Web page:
Mentor: Kristen Dimas
Project type: Habitat Restoration
Location: Chicago, IL
Grade levels: all students
Southside Occupational Academy's project won the Judges' Choice award for the 21-22 cohort of the Illinois Green Schools Project.
Southside Occupational Academy is a CPS transition school serving young adults with intellectual & physical disabilities, ages 18-22, located in the West Englewood neighborhood on Chicago’s southside. The students in Room 305 Horticulture classes in the Urban Agriculture Program read about the decline in the monarch butterfly population. They decided to take action and commit to developing a permanent Southside Monarch Butterfly Conservation Program to increase monarch habitat spaces on their main campus and in the neighborhoods their students live in. They hope to serve as a model to the greater Chicagoland area to show that, with the appropriate accommodations and assistance, people with disabilities can be actively involved with programs that bring positive change to our communities and to our environment.
The program they designed is cyclical in nature to follow the life cycle of the monarch butterfly and the needs of the insect at each stage of its development. As they researched actions we could take to support monarch habitats, they chose activities that correlate with the seasonal changes in our environment and climate in the Chicago area.
Southside Occupational Academy has a very large attendance area, with their students coming from all over the southside of Chicago. Many of the neighborhoods their students live in have experienced loss of natural habitat spaces for monarch butterflies and other native species of beneficial insects and wildlife. Because of this, they chose to also incorporate program components that provide outreach into the communities they serve in the form of education, seed and plant distribution, and eventually connections with community garden spaces close to their students’ homes. Since their monarch conservation program is projected to be a permanent program at Southside, they hope this outreach will make a measurable impact on the southside neighborhoods the school serves by increasing the number of natural habitat areas available to monarch butterflies and other pollinator species.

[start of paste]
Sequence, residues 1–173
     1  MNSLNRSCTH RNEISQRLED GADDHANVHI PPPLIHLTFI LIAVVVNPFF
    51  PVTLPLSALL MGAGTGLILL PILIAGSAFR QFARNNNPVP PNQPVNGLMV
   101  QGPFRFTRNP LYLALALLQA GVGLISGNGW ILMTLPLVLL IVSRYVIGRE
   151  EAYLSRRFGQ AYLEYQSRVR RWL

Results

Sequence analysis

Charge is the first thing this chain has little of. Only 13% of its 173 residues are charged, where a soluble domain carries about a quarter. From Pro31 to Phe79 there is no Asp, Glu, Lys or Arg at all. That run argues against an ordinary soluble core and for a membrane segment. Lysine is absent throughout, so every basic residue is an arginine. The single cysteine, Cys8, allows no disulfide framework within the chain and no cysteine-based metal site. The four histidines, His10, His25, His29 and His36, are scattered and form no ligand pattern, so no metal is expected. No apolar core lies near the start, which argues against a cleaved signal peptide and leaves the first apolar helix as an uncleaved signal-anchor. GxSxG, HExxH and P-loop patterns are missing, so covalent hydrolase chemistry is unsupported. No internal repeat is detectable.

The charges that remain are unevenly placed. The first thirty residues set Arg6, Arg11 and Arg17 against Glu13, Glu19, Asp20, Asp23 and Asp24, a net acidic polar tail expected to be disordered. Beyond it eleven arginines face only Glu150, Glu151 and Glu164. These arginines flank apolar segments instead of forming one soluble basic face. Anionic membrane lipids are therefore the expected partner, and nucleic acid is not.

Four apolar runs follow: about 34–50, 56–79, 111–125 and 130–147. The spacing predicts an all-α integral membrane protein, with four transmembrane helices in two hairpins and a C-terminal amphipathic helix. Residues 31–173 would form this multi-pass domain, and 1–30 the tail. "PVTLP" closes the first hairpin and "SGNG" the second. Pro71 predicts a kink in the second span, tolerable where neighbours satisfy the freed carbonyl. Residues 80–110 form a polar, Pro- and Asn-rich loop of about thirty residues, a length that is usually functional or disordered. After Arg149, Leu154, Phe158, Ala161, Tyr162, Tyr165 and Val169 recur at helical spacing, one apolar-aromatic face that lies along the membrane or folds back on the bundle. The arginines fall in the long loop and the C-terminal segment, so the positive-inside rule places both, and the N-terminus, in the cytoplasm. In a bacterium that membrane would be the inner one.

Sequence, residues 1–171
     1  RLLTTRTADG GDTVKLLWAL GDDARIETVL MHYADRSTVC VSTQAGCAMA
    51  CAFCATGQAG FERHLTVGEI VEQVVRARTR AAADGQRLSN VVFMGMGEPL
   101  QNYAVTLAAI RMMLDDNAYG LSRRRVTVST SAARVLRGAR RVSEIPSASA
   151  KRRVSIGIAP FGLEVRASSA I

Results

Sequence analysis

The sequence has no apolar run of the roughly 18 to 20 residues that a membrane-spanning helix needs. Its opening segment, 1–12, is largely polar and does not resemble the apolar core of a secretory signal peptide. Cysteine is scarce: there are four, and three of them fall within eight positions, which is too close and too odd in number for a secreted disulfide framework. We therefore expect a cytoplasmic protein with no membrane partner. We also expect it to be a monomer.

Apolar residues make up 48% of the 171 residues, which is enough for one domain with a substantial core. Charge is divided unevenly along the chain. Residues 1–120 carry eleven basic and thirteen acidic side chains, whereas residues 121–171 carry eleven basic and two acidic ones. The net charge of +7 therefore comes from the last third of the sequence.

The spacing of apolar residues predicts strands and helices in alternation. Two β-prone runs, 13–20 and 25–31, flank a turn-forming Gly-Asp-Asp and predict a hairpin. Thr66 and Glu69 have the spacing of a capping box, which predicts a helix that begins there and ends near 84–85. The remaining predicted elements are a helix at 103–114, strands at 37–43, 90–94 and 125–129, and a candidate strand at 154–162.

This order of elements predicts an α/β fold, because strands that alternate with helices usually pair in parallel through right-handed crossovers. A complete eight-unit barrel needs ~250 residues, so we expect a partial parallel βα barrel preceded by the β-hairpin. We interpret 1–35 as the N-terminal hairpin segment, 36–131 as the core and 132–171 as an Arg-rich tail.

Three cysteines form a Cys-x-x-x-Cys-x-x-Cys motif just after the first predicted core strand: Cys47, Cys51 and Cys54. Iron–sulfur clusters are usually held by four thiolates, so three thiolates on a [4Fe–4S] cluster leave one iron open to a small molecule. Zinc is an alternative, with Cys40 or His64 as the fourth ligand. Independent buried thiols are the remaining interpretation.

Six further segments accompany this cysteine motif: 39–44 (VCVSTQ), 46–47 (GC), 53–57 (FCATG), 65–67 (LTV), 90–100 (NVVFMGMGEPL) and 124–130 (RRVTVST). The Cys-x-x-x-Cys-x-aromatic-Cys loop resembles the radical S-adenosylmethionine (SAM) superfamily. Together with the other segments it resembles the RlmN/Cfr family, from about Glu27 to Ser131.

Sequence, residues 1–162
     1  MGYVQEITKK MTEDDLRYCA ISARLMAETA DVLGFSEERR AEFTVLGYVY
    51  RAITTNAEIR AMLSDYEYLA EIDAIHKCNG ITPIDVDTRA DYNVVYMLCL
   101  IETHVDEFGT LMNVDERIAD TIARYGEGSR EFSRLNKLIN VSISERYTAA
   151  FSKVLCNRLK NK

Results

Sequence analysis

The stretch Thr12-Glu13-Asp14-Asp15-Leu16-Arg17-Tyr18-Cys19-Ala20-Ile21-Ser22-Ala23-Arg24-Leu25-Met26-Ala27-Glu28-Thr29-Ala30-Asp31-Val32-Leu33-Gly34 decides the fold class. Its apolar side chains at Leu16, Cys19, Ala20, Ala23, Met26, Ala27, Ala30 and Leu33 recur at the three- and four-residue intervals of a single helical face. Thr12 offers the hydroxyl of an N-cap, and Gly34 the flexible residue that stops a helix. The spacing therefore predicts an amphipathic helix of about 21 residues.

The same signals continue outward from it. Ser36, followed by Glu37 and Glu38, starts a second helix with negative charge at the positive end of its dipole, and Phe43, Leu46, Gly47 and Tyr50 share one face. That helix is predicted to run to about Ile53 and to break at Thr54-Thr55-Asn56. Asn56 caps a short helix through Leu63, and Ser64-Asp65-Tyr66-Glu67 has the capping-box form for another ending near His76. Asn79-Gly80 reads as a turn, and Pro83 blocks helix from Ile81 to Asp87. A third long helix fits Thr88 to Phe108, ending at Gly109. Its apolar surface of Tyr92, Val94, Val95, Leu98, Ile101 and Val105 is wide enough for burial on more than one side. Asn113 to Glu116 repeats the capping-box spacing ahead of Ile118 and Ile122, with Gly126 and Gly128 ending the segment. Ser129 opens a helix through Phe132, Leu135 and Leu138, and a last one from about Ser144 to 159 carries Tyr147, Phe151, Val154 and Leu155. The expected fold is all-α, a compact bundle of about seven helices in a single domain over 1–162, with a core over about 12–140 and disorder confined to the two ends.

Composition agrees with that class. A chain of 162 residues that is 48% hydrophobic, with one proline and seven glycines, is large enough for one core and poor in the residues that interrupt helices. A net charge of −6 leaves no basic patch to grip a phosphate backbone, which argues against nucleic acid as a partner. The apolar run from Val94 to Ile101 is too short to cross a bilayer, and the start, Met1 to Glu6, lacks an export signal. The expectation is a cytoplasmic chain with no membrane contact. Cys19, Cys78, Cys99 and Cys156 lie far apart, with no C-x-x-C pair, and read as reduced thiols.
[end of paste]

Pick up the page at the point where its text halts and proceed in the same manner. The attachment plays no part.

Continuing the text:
Horticulture students harvested, labeled, and distributed milkweed seed packets to 300+ families of students at Southside. An additional 150+ seed packets were available for distribution at the Flower & Garden Show, and even more will be available for distribution through their participation at the 95th Street Farmers Market and connections with community gardens in the school's attendance area.
The most significant aspect of Southside's program is the fact that all of the student participants are young adults with disabilities. The accommodations and assistance required to meet the needs of their students ranged from hand-over-hand assistance and prompting to independent functioning with minimal prompting. This assistance and these accommodations are well worth the effort to provide the opportunity for people with disabilities to participate in environmental action. Most environmental and conservation programs do not include or even consider people with disabilities as their participants. The monarch conservation at Southside serves as an example that the Earth belongs to us all and we are all capable and valuable beings who can make a positive difference for the future of our environment.